Video: Lockerbie bomber could live 10 years

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    >>> is he sick or isn't he? it's been almost a year since the man convicted for his role in the pan am 103 bombing released by scottish authorities on compassionate grounds. al megrahi allowed to return to libya because doctors said he had three months to live. that was 12 months ago. many are outraged. martin fletcher joining us live with the story. martin, good sunday morning to you. i can imagine a lot of outrage.

    >> reporter: that's right. families are angry of the victims and because doctors say he's no longer getting chemo chemotherapy and could live with the cancer for another ten years. families of the victims are furious. the bomber's father is hoping for a complete recovery in fact, though that seem to be bushfwishful thinking. in libya he's treated as a hero, doctors say that could be giving him a psychological boost. it's helping him recover. when al megrahi released a year ago, the british government had been the middle of negotiations with libya about lucrative trade agreements , including a big oil exploration deal with millions. the oil company that allegedly benefited from his release, guess who, bp. for al megrahi today, he's writing his memoirs claiming as he always has done, that he didn't do anyway.

    >> claims he's on his deathbed, doctors support the story, released from prison and now living in a luxury surrounded hi his family. the doctor who said that he would maybe only have three months to live, now say his could live foreanother ten years. so, of course, there's a lot of confusion and embarrassment by the doctor, anger among the victims' families and embarrassment for the british government because they released him on humanitarian grounds and it turns out, not only as earlier shown there was commercial interest in the discussions with the libyan government but the fact that he's not only not dead but appears to be thriving, imagine what that's doing to britain and scotland where most of the families live. staff and news service reports
updated 7/4/2010 10:03:03 AM ET 2010-07-04T14:03:03

A doctor who said the man convicted of the bombing of Pan Am Flight 103 had only three months to live now says the Libyan could survive another 10 years, London's Sunday Times reported.

Abdel Baset al-Megrahi, who was convicted of 270 counts of murder for being behind the 1988 bombing over Lockerbie, Scotland, was released on compassionate grounds in 2009, after doctors said he only had a few months to live.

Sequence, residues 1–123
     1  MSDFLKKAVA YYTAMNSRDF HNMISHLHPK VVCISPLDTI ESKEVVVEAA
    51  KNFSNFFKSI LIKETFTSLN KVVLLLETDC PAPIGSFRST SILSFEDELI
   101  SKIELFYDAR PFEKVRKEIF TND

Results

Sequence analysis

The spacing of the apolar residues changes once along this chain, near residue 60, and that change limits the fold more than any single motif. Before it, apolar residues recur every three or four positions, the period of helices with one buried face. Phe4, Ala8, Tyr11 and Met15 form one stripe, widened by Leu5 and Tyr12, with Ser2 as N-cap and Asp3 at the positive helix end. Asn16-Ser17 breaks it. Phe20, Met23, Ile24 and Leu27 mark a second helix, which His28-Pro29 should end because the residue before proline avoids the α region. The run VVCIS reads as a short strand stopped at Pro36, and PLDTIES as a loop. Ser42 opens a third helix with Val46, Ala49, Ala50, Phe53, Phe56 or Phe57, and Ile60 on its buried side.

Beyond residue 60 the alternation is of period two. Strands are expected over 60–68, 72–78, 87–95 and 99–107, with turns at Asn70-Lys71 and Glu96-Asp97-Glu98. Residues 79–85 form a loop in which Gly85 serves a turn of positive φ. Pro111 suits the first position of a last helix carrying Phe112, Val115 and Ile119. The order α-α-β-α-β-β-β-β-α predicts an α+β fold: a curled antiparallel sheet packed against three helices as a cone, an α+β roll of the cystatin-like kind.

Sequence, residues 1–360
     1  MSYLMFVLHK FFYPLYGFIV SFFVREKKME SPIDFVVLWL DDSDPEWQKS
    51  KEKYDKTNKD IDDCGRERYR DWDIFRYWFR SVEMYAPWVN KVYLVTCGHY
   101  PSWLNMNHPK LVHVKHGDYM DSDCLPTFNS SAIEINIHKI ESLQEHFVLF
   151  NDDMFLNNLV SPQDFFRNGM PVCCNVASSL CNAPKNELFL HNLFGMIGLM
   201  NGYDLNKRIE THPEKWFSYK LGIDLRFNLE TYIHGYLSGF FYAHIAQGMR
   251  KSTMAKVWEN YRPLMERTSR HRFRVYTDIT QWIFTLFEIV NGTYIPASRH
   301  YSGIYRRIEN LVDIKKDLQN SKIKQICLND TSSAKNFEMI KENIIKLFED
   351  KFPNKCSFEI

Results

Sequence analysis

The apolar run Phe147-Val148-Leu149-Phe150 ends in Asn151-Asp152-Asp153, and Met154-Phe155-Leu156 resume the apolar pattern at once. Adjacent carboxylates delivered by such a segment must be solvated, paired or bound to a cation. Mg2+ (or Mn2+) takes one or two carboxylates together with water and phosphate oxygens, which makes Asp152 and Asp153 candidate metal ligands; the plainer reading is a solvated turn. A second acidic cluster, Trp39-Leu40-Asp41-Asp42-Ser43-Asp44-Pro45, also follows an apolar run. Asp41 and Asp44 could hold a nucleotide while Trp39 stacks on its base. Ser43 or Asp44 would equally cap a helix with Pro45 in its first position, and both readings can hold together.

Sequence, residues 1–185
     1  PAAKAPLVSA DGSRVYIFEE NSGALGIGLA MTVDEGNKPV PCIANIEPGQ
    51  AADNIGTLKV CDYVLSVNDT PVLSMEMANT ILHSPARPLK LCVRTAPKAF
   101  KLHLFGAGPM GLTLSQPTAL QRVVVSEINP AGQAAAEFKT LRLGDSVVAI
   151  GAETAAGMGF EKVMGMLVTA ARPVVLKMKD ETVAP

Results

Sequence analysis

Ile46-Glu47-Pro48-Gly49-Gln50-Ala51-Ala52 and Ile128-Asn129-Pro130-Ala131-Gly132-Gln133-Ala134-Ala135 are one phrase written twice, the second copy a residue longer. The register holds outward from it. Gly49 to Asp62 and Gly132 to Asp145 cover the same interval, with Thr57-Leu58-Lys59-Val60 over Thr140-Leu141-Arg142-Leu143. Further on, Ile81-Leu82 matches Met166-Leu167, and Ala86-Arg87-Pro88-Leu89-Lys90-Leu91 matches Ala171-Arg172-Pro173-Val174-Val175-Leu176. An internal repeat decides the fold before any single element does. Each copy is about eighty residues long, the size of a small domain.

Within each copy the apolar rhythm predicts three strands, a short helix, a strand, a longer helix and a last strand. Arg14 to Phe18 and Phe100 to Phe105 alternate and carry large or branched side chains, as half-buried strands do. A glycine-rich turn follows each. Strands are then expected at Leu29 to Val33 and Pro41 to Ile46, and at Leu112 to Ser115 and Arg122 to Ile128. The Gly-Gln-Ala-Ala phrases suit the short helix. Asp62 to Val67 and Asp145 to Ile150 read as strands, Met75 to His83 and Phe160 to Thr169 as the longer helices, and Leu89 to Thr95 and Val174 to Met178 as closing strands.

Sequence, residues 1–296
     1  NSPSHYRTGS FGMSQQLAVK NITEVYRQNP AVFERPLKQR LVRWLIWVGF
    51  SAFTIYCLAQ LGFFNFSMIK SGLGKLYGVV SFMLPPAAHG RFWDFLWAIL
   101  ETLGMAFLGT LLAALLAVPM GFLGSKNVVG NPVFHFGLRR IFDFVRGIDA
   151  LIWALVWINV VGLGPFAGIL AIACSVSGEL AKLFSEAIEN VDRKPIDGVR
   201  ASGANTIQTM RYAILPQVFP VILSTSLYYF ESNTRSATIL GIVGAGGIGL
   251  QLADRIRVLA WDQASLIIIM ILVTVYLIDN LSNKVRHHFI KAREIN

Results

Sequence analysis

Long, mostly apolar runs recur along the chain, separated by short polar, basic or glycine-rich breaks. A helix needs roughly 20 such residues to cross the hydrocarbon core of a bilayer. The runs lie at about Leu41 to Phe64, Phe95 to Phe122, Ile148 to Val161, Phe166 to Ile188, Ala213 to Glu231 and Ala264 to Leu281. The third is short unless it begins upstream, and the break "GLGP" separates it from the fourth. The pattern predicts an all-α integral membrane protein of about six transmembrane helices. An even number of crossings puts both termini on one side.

Specialist Karol Sikora told the newspaper it was "embarrassing" that al-Megrahi, who has prostate cancer and received a hero's welcome upon his return to Libya, had managed to outlive the prognosis. 

The report is sure to re-ignite accusations that Scottish authorities bowed to pressure from Libya and the British government to release al-Megrahi, who American officials accuse of being an officer of the Libyan intelligence service.

"There is always a chance that he would live for 10 years ... but it's very unusual," Sikora told the Times.

"There was a 50 percent chance that he would die in three months," he added, "but there was also a 50 percent chance that he would live longer."

While at the time of his release the Scottish government sited "firm consensus" among medical experts over al-Megrahi's condition, that agreement does not appear to exist, according to the newspaper.

Eight people involved in the case now "suggest" that the Scottish government and Libyan officials selectively chose their information, the Sunday Times reported.

According to an earlier Sunday Times report, a former British justice secretary wrote to his counterpart in Scotland that it was "in the overwhelming interests of the United Kingdom" to make it possible for al-Megrahi to return to Libya.

The letter was written in 2007 during stalled negotiations over a BP oil exploration contract worth billions of dollars.

The Scottish government said at the time of the release in August that "life expectancy of less than three months" could make a prisoner eligible for release under compassionate grounds.

Sikora, who was paid 200 pounds (about $304) an hour by the Libyan government for his opinion, told the newspaper that there was always a chance that the Libyan would live longer than three months, but admitted that it was "embarrassing that he's gone on for so long."

The Associated Press contributed to this report.


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